If you look at who I am as an academic, you would think that I should be among the most ardent supporters of Open Access publishing. After all, the proliferation of open access would solve a lot of problems for me. As a scientist who teaches at a school of art, design, and architecture, access to the scientific literature is an issue. Our academic library does as good a job as it can to provide its faculty and students with academic journal resources, including many in the sciences. But like so many other small, financially-challenged educational institutions, Pratt Institute just cannot afford to subscribe to the full collection of academic journals that would provide our campus community with a complete library. We are one of the many shades of the academically disenfranchised, those who are at least partially locked out by the subscription-based model of academic publishing. My students can’t get access to the full academic literature and I can’t get access to the full academic literature. It is a problem, and this problem would be seemingly solved if the entire academic literature suddenly was made open access.
Recently a possible “solution” to the open access problem was brought to my attention by this tweet:
— David Soergel (@loraxorg) October 11, 2015
Which refers to this thread by influential blogger/writer Cory Doctorow:
How to get every academic paper ever published into an open-access repository, in one easy step. #f2i
— Cory SPOOKTorow (@doctorow) October 10, 2015
It is a bit hard to follow Doctorow’s long-form argument on the short-form medium of Twitter, so I will try to fairly summarize it here. Basically Doctorow suggests that we capitalize on the fact that many universities have maintained intellectual property (IP) policies that give them ownership of their faculty’s academic output. If you are an academic, I encourage you to look into your institution’s IP policy: it is often a bit scary what they claim to own by virtue of giving you an academic home. Putting aside where the line between “professor’s IP” and “university’s IP” ought to be, what Doctorow claims is that many universities have the legal right to claim published academic journal publications as their own intellectual property. As such, academics have been “giving away” their work to subscription-based journal publishers under false pretenses: the academics don’t actually own their IP, so they cannot assign copyright (and therefore the right to charge subscription fees for access) to publishers. Doctorow would have a large university that is home to many prominent published professors sue the subscription-based publishers for an unholy amount of damages and then “settle” for having all past journal publications made open access. Of course this would break the business model of the subscription-based publishers and put them out of business immediately; that’s the big idea of the plan, and how it would make open access publishing the only game in town.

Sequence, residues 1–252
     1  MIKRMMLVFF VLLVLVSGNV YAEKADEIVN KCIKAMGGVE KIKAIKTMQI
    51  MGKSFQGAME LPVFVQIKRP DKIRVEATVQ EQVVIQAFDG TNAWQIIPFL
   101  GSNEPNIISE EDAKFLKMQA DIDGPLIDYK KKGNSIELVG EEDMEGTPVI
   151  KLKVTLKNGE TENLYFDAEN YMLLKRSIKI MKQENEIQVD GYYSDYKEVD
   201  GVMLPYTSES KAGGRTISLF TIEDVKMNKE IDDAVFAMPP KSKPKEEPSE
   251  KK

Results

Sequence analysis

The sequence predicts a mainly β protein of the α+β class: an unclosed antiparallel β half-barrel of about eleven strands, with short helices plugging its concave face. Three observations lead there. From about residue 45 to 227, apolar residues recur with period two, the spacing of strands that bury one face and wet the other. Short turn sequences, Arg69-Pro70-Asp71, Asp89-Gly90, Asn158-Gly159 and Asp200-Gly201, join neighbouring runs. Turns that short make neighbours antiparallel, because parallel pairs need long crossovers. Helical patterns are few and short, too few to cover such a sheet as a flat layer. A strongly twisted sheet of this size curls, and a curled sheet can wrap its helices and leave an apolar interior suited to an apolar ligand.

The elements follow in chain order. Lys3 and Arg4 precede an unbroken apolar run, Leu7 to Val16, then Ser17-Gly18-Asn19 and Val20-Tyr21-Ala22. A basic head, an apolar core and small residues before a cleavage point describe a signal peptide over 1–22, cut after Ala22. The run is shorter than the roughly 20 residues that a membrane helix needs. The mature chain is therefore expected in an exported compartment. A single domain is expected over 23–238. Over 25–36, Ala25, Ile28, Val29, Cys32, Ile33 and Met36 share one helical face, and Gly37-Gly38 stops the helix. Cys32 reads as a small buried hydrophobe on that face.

I cannot assess the feasibility of this plan, either from a legal perspective (Would the legal standing of a university allow it to successfully sue publishers in the suggested manner?) or a practical perspective (Would any university see bringing such a suit as being in its best interest?). But immediately I could see that such a plan would have unintended consequences that would not be so great for people in my situation.
I responded to David Soergel‘s excited tweet about Doctorow’s “plan” with the following concern:
Hmmm… sounds great… until you wake up the next day and there are a whole lot fewer places to publish your work! https://t.co/zN3sXIihKl
— Christopher Jensen (@cxjjensen) October 12, 2015
Soergel was not at all convinced by my argument, tweeting back:
. @cxjjensen Nonsense. There are plenty of perfectly viable open-access journals, and no defensible reasons to support the closed ones.
— David Soergel (@loraxorg) October 12, 2015
I tried in my response to bring out the downside of Doctorow’s plan:
@loraxorg So you are saying we have the open access infrastructure to punish all valuable scholarship tomorrow? By only people with grants?
— Christopher Jensen (@cxjjensen) October 12, 2015
Damn phone (plus poor proofreading on my part) changed “publish” to “punish”, but Soergel still figured out what I was saying:
@cxjjensen oh you meant publish. Yes, we have the infrastructure to publish everything OA. Obviously.
— David Soergel (@loraxorg) October 12, 2015